RCS Sidelines

November 16, 2009 10:35 AM

Did Bill Belichick Make Correct Decision?

Perhaps you've heard something about this:

4th-2, NE28 1:57            T. Brady passed to K. Faulk to the right for 1 yard gain
Near the end of a game they had all but won, the Patriots, up six points with about two minutes remaining, failed to convert on 4th-and-2 from their own 28-yard line. The Colts took over and promptly scored to win the game, 35-34. The second-guessing began immediately, with just about everyone questioning the decision made by Bill Belichick.

Ron Borges, Boston Herald

Is there an insanity defense for football coaches?

That's about the best the "In Bill We Trust" crowd is going to be able to come up with this morning to explain away what happened at Lucas Oil Stadium last night because not even Edward Bennett Williams would try to argue this case in front of a jury of Bill Belichick's peers.

Don Banks, Sports Illustrated

What ramifications this game will have. For Belichick, the acknowledged best game tactician in NFL coaching, the call was immediately assailed as the worst of his long and distinguished career.

In the Colts locker room, defensive end Dwight Freeney said that even when you make that call "in video games,'' it's not a smart move. "You go for it on fourth down when you're not supposed to, and something bad happens."

On NBC, former Indy head coach-turned studio analyst Tony Dungy second-guessed his onetime rival, saying "You have to punt the ball in that situation. As much as you respect Peyton Manning and his ability, and as much as you may doubt your defense, you've got to play the percentages and punt the ball.''

Even ex-Patriots star Rodney Harrison, one of Belichick's favorite players ever, pilloried his former head coach for the call. "You cannot give Peyton Manning the opportunity on the 30-yard line to drive the ball and score a touchdown,'' Harrison said. "I've been around Bill Belichick a long time and he's made a lot of great coaching decisions, but this was the worst coaching decision I have ever seen Bill Belichick make."

Dan Shaughnessy, Boston Globe

This was as bad as anything the Red Sox ever did. Had it been a playoff game, it would be right up there with Bucky Dent, Bill Buckner, Aaron Boone, and History Derailed in Glendale, Ariz.

And Bill Belichick played the part of Grady Little. [...] And Belichick gets the blame. Too smart for his own good this time. The sin of hubris.

Peter King, Sports Illustrated

"If we gain seven more inches, it's a great call,'' Brady said at his post-midnight press conference.

Try 30 more inches. And this would never have been a great call. Even it you think you've got a two-out-of-three chance to make two yards deep in your own territory, the cost of missing it is too great. The difference between Manning driving 29 yards for the winning touchdown and 72 is too great. Too many chances for him to err in 72 yards, as he'd been doing occasionally during the night. [...]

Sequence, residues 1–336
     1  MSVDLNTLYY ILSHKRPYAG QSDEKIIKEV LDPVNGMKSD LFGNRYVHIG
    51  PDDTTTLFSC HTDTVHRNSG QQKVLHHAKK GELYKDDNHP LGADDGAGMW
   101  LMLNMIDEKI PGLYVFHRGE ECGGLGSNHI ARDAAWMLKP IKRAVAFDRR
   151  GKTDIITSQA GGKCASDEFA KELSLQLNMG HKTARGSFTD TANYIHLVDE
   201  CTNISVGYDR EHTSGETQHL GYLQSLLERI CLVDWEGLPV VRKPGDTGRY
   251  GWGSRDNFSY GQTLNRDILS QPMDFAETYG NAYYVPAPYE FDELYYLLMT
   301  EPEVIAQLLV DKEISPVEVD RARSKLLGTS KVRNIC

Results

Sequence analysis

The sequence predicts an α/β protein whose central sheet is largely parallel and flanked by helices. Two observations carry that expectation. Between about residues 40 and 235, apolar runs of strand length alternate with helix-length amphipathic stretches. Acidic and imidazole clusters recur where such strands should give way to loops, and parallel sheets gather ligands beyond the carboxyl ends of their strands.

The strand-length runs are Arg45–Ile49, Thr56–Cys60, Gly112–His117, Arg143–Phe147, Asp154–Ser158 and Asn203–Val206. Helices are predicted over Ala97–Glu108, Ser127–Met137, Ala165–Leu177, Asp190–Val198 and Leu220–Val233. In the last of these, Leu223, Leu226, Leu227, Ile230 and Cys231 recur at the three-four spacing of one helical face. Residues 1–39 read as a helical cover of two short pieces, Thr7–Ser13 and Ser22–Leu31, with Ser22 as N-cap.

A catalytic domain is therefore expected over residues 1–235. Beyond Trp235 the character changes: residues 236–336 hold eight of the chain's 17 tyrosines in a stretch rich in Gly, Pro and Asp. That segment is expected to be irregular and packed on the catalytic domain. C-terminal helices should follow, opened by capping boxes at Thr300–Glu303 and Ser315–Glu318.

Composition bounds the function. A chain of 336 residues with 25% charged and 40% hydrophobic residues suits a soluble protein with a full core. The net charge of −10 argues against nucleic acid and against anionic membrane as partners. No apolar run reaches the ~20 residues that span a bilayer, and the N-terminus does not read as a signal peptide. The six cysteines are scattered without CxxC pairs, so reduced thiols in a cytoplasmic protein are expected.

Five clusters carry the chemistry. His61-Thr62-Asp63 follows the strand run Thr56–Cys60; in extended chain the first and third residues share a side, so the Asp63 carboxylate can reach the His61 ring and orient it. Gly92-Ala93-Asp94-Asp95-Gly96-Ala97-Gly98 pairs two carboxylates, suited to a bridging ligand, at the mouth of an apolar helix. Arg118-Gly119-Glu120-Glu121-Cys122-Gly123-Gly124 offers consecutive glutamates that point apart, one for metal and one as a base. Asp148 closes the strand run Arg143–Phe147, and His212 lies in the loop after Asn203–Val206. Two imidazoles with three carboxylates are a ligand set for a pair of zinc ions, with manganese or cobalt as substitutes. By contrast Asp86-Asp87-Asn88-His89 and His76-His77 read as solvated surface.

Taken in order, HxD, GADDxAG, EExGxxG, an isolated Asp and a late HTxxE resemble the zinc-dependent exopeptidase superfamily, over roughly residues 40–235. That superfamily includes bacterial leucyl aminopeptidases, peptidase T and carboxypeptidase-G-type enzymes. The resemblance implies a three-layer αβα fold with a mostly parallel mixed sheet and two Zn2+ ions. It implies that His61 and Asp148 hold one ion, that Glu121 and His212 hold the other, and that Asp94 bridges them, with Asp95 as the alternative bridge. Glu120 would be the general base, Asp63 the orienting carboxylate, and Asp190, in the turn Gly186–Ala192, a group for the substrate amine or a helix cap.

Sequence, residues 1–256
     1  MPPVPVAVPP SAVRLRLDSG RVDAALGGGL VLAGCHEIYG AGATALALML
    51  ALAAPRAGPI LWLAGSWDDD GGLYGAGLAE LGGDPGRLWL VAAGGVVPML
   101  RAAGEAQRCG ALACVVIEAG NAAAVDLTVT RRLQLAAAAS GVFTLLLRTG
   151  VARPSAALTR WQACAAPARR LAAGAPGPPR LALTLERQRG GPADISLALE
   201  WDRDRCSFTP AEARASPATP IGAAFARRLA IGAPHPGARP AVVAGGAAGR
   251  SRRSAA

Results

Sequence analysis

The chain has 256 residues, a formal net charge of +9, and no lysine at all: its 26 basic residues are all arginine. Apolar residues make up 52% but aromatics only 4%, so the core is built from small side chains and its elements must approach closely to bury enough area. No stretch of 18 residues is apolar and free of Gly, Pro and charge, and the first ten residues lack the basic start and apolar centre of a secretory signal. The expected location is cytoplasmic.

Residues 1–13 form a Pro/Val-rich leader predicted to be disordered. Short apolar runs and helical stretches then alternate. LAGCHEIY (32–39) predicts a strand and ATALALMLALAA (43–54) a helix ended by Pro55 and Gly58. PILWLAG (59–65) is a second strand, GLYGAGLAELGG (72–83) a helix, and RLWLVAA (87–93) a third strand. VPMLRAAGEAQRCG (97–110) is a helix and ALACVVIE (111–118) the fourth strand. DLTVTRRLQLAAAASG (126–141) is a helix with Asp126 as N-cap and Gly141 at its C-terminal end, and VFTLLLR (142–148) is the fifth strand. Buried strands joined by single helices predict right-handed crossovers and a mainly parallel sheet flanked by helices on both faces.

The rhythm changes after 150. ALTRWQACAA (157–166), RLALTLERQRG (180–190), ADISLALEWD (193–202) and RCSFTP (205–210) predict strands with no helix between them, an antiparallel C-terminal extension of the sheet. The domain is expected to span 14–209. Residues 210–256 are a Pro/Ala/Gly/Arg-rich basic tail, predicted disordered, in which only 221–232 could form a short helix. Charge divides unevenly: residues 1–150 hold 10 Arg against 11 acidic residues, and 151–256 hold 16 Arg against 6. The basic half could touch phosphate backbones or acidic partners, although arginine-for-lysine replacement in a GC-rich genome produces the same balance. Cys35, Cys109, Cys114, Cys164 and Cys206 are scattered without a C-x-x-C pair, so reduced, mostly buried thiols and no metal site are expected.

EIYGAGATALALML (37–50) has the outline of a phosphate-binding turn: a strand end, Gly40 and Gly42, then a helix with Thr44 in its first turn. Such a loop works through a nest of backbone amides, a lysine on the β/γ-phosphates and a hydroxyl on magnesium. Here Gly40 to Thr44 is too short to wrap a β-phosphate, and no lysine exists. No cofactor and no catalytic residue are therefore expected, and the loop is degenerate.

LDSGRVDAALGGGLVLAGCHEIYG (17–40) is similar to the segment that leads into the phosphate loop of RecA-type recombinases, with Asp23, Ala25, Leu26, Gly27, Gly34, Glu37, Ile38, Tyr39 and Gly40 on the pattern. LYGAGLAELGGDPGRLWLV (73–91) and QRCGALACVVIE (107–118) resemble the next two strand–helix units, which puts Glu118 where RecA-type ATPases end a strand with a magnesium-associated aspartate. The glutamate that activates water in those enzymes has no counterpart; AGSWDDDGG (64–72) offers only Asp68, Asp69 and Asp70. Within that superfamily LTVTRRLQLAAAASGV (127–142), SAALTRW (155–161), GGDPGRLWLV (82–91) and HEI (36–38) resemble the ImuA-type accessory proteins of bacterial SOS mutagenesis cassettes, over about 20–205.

All in all, I hated the call. It smacked of I'm-smarter-than-they-are hubris. Let Manning, with the weight of the world on his shoulders and no timeouts under his belt, drive 72 yards in two minutes, with his mistake-prone (on this night) young receivers and the clock working against him. Sure he could do it. But let him earn it. This felt too cheap. It was too cheap. Belichick's too smart to have something so Grady-Littlish on his career resume, but there it is, and it can never be erased.

But what if I told you that Belichick and the Patriots actually made the right call? According to the numbers and odds -- ya know, math -- New England should have gone for it

With 2:00 left and the Colts with only one timeout, a successful conversion wins the game for all practical purposes. A 4th and 2 conversion would be successful 60% of the time. Historically, in a situation with 2:00 left and needing a TD to either win or tie, teams get the TD 53% of the time from that field position. The total WP for the 4th down conversion attempt would therefore be:

(0.60 * 1) + (0.40 * (1-0.53)) = 0.79 WP

A punt from the 28 typically nets 38 yards, starting the Colts at their own 34. Teams historically get the TD 30% of the time in that situation. So the punt gives the Pats about a 0.70 WP.

Statistically, the better decision would be to go for it, and by a good amount. However, these numbers are baselines for the league as a whole. You'd have to expect the Colts had a better than a 30% chance of scoring from their 34, and an accordingly higher chance to score from the Pats' 28. But any adjustment in their likelihood of scoring from either field position increases the advantage of going for it. You can play with the numbers any way you like, but it's pretty hard to come up with a realistic combination of numbers that make punting the better option. At best, you could make it a wash.

Chris Brown at Smart Football agrees, saying: "The goal is, obviously, to maximize your chance of winning. If you punt, your chances of winning are your odds of stopping a streaking Manning who has just torched your defense the whole fourth quarter. He will have to drive about 70 yards. Because of his excellence in clock management, the two-minute warning, and their timeout, time was not really a factor."

So, after crunching some numbers, Belichick did in fact make the right call by going for it on fourth down. Which is fine. But what about the questionable spot, and the even more questionable juggling call (made by the official who was staring at Faulk's back, remember)? Those seem to be important aspects to that play, too. Really though, the Pats sealed their own fate by burning not one but two timeouts during a four-play series.

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